It depends on context (as others have mentioned), but one rule of thumb would be to ask yourself "would I have written this for this website".

So on a business site you might not allow something you'd be OK about on a personal site.

However, hate speech is hate speech and while it might not be illegal or personally attacking a specific user it must be attacking someone or some group of people.

As long as you are up front about what content you won't allow and are consistent then nobody should be able to complain - though they probably will. Also remove (or don't publish) the entire post. Don't edit people's contributions.

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I remember reading the terms of service when I signed up for Flickr, and they had what I thought was a very clever sentence near the end:

Don't be that guy ... You know .. that guy.

This told me that Flickr holds people accountable for their behavior and doesn't tolerate harassment. Note, harassment is subjective. One person may take what you say in stride or even 'tweet it, someone else may feel egregiously offended. "Hate speech" is really dependent on who is talking and who is listening.

Make it quite clear that users are expected to conduct themselves civilly, and that reports of abuse from other members are taken quite seriously. Make sure moderators or site administrators are active enough to see and stop arguments that just digress into nothing but name calling, threats, or worse.

Flickr's approach is novel in that it doesn't spell out a list of things that you aren't allowed to do, because surely nobody could make such a list without forgetting something.

That fits a political mud slinging site just as well as it fits community bible study.

Or, take the Stack Exchange creed:

Don't be a jerk

Either one explains itself quite well.

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That's begging the question. If you moderate a website than you actually have to draw a line. You don't have to tell people your criteria's but I would bet that those people who moderate flickr have internal guidelines and don't let every community manager make different decisions about what he considers being a jerk. –  Christian Jul 22 '10 at 0:29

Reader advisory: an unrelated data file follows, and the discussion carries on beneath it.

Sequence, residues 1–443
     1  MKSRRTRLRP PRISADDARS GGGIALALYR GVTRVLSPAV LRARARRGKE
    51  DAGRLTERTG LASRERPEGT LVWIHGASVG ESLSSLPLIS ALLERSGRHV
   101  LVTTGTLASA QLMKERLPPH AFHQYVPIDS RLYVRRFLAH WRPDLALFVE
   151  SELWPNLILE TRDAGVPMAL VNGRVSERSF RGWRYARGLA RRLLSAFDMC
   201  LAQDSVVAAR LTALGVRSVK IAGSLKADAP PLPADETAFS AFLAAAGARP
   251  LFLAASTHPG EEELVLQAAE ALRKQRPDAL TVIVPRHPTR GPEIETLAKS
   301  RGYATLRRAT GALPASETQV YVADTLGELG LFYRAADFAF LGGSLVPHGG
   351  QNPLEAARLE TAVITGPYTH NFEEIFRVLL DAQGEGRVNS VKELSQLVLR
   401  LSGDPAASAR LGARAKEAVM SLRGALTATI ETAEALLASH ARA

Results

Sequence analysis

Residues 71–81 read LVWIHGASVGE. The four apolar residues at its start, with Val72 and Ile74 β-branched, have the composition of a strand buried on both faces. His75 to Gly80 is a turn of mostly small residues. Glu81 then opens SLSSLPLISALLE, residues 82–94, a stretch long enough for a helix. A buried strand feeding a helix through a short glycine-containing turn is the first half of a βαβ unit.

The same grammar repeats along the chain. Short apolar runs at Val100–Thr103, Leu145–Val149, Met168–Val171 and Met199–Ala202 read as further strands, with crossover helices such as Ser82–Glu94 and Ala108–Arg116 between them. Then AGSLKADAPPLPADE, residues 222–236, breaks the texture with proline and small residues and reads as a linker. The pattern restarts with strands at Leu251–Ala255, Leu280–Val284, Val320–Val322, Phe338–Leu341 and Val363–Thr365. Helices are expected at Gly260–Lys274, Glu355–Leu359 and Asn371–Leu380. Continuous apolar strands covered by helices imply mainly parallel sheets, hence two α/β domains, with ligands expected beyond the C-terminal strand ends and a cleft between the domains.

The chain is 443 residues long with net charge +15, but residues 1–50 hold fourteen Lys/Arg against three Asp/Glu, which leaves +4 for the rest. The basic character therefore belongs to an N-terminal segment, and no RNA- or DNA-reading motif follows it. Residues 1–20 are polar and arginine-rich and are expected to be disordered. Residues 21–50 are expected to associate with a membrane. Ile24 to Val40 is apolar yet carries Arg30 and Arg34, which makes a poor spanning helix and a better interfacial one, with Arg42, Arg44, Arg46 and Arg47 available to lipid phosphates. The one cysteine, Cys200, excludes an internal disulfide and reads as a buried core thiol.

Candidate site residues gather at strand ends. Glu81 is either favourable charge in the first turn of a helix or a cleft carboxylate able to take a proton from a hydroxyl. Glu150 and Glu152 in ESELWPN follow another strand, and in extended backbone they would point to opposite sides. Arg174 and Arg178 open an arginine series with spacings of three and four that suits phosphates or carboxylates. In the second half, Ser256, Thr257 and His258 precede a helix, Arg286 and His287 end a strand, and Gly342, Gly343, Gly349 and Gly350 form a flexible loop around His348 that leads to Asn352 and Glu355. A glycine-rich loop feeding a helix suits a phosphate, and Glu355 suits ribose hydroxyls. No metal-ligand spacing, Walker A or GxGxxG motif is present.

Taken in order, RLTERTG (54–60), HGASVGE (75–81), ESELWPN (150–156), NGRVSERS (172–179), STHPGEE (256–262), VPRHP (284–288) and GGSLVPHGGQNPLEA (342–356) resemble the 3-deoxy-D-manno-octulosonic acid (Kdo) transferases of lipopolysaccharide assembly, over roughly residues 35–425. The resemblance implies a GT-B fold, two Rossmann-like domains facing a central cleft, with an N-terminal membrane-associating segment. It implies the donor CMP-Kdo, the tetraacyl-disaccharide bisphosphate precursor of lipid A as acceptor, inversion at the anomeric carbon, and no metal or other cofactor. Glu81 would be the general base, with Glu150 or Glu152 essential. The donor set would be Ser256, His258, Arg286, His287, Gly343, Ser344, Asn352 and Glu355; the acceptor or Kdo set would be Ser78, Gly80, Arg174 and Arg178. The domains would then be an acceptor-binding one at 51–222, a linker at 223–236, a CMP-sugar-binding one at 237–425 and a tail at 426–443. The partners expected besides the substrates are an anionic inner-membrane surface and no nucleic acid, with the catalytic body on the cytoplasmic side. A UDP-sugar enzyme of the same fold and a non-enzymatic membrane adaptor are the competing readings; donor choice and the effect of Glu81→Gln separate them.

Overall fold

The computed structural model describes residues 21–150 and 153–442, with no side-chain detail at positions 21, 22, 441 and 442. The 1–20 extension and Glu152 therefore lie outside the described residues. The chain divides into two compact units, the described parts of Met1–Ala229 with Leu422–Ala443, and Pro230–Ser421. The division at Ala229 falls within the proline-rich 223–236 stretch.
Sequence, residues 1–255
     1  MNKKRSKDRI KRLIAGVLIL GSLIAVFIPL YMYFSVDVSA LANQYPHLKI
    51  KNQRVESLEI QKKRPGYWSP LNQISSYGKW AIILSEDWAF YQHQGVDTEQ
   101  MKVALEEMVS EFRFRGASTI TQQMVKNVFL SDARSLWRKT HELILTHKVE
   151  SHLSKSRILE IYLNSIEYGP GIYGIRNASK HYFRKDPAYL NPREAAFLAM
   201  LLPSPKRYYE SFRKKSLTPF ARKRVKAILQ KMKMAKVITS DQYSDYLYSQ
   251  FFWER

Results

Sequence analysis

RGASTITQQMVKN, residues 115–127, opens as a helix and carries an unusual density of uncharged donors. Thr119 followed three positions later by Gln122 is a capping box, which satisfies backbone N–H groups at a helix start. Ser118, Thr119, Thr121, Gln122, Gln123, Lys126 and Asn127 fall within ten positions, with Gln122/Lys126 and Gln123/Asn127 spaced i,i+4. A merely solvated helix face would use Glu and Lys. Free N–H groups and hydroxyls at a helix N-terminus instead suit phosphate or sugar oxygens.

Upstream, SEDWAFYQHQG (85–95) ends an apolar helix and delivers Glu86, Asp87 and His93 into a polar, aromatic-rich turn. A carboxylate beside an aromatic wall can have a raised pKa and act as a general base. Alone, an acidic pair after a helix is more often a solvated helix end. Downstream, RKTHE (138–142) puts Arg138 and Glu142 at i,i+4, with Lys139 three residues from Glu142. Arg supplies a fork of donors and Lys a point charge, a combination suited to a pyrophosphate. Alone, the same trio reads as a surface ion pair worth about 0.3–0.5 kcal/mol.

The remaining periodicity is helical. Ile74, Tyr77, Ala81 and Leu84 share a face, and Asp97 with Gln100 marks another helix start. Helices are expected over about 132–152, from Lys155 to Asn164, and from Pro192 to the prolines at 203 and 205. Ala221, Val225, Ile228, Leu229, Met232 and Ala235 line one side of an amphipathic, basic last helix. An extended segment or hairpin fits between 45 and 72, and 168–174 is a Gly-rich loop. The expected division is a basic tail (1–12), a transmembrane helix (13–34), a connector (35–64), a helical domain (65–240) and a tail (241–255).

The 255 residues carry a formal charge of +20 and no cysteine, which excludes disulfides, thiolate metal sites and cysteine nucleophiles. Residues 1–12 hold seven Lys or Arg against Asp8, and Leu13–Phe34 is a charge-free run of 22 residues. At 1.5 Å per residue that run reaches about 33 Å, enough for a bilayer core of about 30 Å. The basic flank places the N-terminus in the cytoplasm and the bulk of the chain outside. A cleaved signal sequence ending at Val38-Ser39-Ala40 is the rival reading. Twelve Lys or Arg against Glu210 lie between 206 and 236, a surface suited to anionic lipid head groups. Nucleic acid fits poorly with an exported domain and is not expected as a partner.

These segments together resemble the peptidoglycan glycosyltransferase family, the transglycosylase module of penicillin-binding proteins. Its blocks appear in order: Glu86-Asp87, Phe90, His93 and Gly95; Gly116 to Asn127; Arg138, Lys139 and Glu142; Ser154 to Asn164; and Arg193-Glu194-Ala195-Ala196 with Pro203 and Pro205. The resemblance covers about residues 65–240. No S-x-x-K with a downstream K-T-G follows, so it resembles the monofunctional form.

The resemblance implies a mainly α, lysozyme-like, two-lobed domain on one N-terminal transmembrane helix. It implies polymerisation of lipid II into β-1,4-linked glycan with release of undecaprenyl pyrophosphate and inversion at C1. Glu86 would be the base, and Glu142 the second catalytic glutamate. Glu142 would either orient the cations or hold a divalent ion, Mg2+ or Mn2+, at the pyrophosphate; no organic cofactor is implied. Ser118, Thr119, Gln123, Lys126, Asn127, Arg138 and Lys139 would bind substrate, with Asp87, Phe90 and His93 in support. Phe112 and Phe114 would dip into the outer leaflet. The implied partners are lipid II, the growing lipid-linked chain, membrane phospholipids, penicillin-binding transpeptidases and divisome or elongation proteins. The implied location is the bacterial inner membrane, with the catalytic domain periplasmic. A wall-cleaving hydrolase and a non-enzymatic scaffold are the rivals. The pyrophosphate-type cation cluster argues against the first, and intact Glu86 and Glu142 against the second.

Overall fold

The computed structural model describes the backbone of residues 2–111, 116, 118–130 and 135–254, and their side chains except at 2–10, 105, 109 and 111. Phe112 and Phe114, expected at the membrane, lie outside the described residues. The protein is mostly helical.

@Christian - I think its two categories .. people who complain and 'painfully obvious', given the size of Flickr, I'm pretty sure moderation is (mostly) complaint driven. –  Tim Post Jul 22 '10 at 1:45
    
@Christian - Just like judgement calls made by SO moderators, when flagged to a problematic post. –  Tim Post Jul 22 '10 at 1:46

This is almost entirely a content-dependent question. A political debate website will have stronger opinions that may come off as hate speech than a website devoted to furries. My only caveat to censoring any speech is that once you start censoring you will seem to (at least according to you users) to condone other opinions they may find hateful. As the previous poster said: if you have the power to censor it is mostly likely your site or some care of the site has been put in your hands so it will be a reflection of you as well.

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This is dependent on the type of website and community, but my general rule of thumb is that user content should be something that adds value to the site. If something is rude or offensive and is adding nothing to discussion, then there is no reason to keep it around.

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Any site that has user contributed content will have content that falls into that gray area. I prefer to let the users help me with those posts. I do have a line where i'll outright delete a comment (usually if it's illegal, or could be somehow construed as being legally questionable), but if it's just a matter of "indecent, but not illegal".. then I encourage users to shame the person, or report their post if they have a problem with it. When reported posts hit a certain number of "reports", the posts is put into question (grayed out), and a moderator can make the final decision.

Usually just the shaming of the other users is enough to make a person either stop being "that guy", or leave.

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Keep in mind that you can't make everybody happy. If you have a Jewish reader and a reader who posts that the holocaust never happened, you're going to make at least one of them angry regardless of the course of action you choose.

Get used to the idea that somebody will always hate you, and that to somebody you'll always be wrong no matter what you choose.

With those points made, I suggest a simple test: If you had written this, would it create the image for your site that you want?